CINCINNATI — The Rev. Jesse Jackson said Tuesday he wasn’t sure whether he believed Kroger’s claims that a Cincinnati store was unprofitable before it was closed last year.
In Cincinnati to protest the nation’s largest supermarket chain’s retreat from here, Memphis and other markets, Jackson said minority communities suffer when local consumers lose access to groceries.
“I’m not sure it’s true,” Jackson said responding to a question about Kroger’s profit concerns. “Clearly, if you look around there are people here who eat and buy groceries. Is it a management issue or a consumer issue? People are certainly consuming.”
Jackson called for a boycott last week against Cincinnati-based Kroger (KR) in response to closing stores in Memphis and other communities that had served minority communities, including the Walnut Hills neighborhood in Cincinnati.
“Kroger in the heart of the black community pulled out — it created a food desert,” Jackson told The Cincinnati Enquirer on Monday. “It has a negative impact on the community.”
Late Monday, Kroger defended its store closure decisions, saying they must turn a profit in order to serve customers.
“Because we operate a ‘penny profit’ business, we must sometimes make tough decisions in order to keep our prices low for all customers,” Kroger said in a statement, adding no jobs were lost after it cut the Walnut Hills store or three recent closures in Memphis. The company pledged to stay “an active community citizen” and added it was “always open to suggestions and dialogue.”
Kroger closed its Walnut Hills store last spring after 34 years of operation — more than 20 of them unprofitable. Company officials said the store was projected to lose $900,000 last year if they kept it open on top of the nearly $5 million it had lost since 2010.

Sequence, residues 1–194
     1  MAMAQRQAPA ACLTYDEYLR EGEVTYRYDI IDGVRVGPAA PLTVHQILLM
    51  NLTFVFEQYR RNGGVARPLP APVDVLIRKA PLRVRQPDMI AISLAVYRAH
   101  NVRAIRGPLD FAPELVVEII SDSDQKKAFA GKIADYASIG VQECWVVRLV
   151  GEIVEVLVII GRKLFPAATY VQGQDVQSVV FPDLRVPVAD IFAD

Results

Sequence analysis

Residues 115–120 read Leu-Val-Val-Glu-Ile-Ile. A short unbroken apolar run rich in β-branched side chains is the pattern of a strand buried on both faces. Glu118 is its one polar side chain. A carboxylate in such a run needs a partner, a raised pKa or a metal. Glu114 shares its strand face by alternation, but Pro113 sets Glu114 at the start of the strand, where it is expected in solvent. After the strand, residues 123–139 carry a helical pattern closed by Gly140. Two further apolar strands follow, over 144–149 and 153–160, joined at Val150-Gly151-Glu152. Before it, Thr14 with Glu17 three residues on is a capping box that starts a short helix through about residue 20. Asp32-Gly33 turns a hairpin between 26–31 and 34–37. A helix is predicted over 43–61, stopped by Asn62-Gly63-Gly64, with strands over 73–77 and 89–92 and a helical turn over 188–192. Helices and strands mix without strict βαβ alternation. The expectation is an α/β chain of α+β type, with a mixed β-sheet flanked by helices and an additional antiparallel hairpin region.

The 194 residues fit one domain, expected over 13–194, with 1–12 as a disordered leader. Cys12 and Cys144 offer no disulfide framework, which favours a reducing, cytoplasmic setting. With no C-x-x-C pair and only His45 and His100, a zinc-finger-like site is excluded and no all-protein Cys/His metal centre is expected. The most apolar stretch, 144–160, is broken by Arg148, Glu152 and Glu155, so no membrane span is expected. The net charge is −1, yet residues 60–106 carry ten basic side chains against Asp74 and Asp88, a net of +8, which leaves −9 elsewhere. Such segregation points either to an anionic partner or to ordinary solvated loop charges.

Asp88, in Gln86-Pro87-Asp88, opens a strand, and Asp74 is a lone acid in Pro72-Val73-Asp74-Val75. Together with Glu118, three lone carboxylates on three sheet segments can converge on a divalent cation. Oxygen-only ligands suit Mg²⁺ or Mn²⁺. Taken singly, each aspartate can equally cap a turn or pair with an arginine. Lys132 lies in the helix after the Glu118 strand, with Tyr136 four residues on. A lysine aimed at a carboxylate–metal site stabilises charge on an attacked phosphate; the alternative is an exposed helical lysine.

The Walnut Hills closure coincided with the reopening of an expanded Kroger Marketplace store 1.3 miles away.
As digital competition heated up for supermarkets, Kroger has retooled its store spending in recent years.
Two years ago, Kroger announced plans to spend more than $4 billion in capital expenditures in 2016 — much of it on supersizing supermarkets into Marketplaces as well as refreshing, relocating or refurbishing physical stores.
Those plans were pared back to $3 billion initially amid a price war with Walmart and deflation woes, then digital juggernaut Amazon’s 2017 takeover of Whole Foods. Kroger, Walmart and other grocers have been scrambling since last summer, rolling out their own digital strategies as Amazon expands home delivery of supermarket staples.
While Kroger is still spending $3 billion a year on its physical stores, more of that money has been moved toward ramping up functions that support digital sales. Kroger now offers its buy-online, pickup-at-the-store ClickList service to more than a third of its stores.
Kroger also is ramping up partnerships across the country to offer home delivery services — now available in 45 major U.S. markets.
While in Cincinnati on Tuesday, Jackson also plans to speak to community leaders to discuss potential disenfranchisement of the city’s black community and the proposed stadium deal for the city’s soccer team, FC Cincinnati.